Almost every other industry has changed over the last 30 years. For instance, I haven’t filled out a deposit slip in years. I take a picture and submit checks for deposit from my kitchen countertop. If I decide I want an afternoon treat for our office staff, I order it up from a local delivery service and the cookies, brownies, and milk, too, appear at our front desk about an hour later.
But consider what happens when parents have a question for their child’s pediatrician: In most clinics, parents are forced to call the pediatrician’s office, spend 10 minutes on hold to talk to an often overworked and sometimes rude receptionist in order to get an appointment to spend an hour waiting in a crowded waiting room. Finally, the patient gains a glorious five minutes of face-to-face time with the doctor. It’s the same scenario as it was when I was a pediatric patient 30 years ago.
Why are doctors (especially pediatricians) slow to take up new advances?
Medical school and medical training are based upon tradition. Things are beginning to change, but much of medical education used to be based on the premise of, “Because that’s how I learned to do it.” That mindset often persists into younger partners’ practices because older partners are training them. Continuing to do things the same way as the last generation, doesn’t get you anywhere.
Pediatricians work on a tighter margin than some other specialists. Don’t get me wrong, it’s a comfortable life; but the idea of dropping even a $1,000 on some new technology or idea that could flop is not easy to swallow.
What if something we try doesn’t work? Or even worse, what if a patient is harmed? Some of this fear is healthy. We absolutely need to put safeguards in place to prevent any harm to patients. But, if we can innovate safely, should fear of failing hold us back?
What can we do to change this mindset?
Personally, I believe we have to go back to why a physician gets into medicine in the first place. What do patients need? What best serves them?
Personally, I believe we have to go back to why a physician gets into medicine in the first place.
The promise of Cook Children’s is, “Knowing that every child’s life is sacred, it is the promise of Cook Children’s to improve the health of every child in our region through the prevention and treatment of illness, disease and injury,” as stated on the hospital’s website.
What is not stated, but implied, is that each of our employees is expected to accomplish those things by using whatever means available.
How are we working to combat each of the barriers to innovation?
Cook Children’s has invested heavily in clinicians who are working hard to advance their field. The Cook Children’s Health Foundation has set endowed chair positions, which Dr. Britt Nelson describes as “funds that are set aside to invest in the physician’s creativity.” Because I value creativity and feel that doctors lose some of the ability to create over time, I love that description.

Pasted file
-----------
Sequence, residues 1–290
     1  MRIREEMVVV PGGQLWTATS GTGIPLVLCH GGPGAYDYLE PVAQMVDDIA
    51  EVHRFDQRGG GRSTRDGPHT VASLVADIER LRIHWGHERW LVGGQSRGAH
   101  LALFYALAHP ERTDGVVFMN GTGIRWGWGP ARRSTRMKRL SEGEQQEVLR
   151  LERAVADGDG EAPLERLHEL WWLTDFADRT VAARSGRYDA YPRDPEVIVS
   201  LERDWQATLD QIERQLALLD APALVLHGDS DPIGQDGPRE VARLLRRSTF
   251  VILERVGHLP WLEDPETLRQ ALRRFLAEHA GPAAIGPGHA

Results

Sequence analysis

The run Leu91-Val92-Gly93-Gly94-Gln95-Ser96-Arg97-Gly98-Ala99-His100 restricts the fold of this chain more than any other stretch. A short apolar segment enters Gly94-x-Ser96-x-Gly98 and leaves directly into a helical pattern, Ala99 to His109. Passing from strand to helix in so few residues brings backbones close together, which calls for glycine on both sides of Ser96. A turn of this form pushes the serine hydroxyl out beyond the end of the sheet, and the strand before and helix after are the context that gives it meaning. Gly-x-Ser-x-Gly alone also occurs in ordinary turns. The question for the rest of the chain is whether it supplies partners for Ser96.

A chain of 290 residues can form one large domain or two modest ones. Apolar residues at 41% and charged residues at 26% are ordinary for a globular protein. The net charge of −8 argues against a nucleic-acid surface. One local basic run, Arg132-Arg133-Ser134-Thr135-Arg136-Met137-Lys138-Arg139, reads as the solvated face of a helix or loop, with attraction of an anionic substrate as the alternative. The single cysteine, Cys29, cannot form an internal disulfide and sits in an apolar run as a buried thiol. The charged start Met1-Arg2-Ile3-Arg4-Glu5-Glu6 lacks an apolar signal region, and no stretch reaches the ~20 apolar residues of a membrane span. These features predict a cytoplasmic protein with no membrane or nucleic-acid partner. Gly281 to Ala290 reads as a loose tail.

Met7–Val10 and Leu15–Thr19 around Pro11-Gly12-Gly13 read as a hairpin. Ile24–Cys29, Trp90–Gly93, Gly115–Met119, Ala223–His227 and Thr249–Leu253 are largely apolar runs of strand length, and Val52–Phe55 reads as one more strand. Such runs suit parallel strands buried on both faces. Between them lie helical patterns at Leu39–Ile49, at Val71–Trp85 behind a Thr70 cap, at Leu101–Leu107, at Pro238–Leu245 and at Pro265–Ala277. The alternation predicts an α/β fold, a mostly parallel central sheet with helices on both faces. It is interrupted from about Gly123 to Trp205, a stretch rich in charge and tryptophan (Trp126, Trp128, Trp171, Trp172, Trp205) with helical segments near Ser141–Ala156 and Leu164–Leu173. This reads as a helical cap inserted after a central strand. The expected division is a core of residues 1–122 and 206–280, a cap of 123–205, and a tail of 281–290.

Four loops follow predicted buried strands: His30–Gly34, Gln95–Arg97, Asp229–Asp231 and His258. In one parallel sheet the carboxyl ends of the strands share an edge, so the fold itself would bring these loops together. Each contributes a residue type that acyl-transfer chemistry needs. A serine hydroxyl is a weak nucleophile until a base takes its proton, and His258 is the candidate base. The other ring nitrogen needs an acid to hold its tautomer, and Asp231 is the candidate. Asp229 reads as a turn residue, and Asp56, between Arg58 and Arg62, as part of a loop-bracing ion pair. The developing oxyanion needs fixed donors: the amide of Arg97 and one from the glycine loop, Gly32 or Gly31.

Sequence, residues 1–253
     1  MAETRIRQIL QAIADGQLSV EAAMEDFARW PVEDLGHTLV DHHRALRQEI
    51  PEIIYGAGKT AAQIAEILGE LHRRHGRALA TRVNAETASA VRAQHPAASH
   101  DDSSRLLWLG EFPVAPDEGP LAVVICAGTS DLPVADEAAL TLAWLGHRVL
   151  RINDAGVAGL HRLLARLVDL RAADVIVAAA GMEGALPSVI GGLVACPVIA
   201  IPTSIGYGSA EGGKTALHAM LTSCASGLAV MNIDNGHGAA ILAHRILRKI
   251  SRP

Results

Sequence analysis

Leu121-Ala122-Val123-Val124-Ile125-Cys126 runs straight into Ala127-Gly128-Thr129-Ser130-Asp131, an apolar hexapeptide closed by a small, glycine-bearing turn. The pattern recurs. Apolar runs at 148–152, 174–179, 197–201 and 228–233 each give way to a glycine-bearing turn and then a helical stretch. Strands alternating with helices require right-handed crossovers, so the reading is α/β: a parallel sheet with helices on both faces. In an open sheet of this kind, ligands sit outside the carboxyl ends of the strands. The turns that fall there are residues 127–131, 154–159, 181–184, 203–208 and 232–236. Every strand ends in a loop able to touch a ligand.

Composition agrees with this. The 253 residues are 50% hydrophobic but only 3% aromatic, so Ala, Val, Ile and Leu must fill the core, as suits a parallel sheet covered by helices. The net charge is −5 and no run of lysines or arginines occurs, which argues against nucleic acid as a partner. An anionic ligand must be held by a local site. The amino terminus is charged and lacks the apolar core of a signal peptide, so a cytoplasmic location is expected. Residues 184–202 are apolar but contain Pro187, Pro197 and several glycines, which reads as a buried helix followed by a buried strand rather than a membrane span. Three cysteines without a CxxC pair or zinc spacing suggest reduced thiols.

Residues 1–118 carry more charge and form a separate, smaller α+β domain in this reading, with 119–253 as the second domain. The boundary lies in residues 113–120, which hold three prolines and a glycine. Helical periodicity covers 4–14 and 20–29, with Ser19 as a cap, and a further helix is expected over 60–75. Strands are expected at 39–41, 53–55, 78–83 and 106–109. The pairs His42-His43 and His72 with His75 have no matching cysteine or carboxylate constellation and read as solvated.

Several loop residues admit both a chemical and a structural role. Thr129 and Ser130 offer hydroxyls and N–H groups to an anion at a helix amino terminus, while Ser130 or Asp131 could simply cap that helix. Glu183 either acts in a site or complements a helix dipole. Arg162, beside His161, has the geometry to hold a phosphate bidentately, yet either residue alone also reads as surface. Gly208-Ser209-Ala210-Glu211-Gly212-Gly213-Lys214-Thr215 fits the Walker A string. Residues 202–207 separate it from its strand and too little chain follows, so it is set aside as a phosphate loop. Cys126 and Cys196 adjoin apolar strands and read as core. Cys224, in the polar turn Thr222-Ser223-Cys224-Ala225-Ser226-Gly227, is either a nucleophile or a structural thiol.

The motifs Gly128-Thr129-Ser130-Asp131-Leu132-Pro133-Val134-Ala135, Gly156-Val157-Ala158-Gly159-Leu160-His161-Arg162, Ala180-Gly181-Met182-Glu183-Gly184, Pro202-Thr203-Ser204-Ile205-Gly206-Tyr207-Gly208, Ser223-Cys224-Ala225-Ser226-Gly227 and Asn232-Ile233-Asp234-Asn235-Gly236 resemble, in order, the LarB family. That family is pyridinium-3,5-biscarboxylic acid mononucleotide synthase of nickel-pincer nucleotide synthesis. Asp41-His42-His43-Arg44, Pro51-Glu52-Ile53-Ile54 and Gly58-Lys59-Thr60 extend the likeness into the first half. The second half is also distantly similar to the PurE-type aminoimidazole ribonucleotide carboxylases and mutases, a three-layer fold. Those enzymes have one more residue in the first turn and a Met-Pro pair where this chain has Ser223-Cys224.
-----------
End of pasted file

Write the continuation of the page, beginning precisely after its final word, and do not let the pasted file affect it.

We currently have four endowed chairs: Dr. Paul Thornton, hypoglycemia (low blood sugar); Dr. Warren, marks-movement disorders; and Dr. Steve Musykens, cardiac MRI. But, it’s not just specialty care. Through Cook Children’s Morris Innovation Clinic, we have invested in new and innovative ways to improve medical care for children with complex medical needs and who are on state-funded insurance.
Cook Children’s Trophy Club is set to open in the Spring of 2016. As the medical director of this clinic, I have been charged with the task of taking pediatrics to the next level. We will use technology to better connect with our patients and to give them options for the ways that they receive care. We will work on processes that make work easier for doctors and staff so that they can focus on what is most important, the patient.
Cook Children’s primary focus is taking excellent care of pediatric patients and their families. We encourage collaboration between staff members, physicians and patient families to improve care for each individual patient and for our system as a whole. We strive to be more focused on making changes that improve patient’s lives than doing things “the way they’ve always been done.”
Fear of failure is hard for doctors. Most of us were very successful in school (it’s kind of a requirement to get into and through medical school) and have had many successes along the way. Because of that, doing what we’ve been doing for years (for some of us decades) seems pretty comfortable.
When we think about doing something new (and potentially failing), two big questions come to mind:
1. What will patients think? Awesome, that’s what we’re supposed to be asking ourselves. Will this help patients? Will it improve their life? Access to medical care? Quality of medical care? We have to continue asking these questions.
2. What will my boss think? Fortunately, from Cook Children’s CEO Rick Merrill down, Cook Children’s embraces a culture of trying new things, constantly working to improve processes and asking for patient feedback along the way. Because of that, I don’t worry about sharing new ideas or going right back to the start when parents aren’t happy with the changes we make.
We’re on a mission to advance pediatric care from check-ups in the primary care office to the most specific specialty care needs. My follow-up posts will look at various ways we can do so and how you can help.
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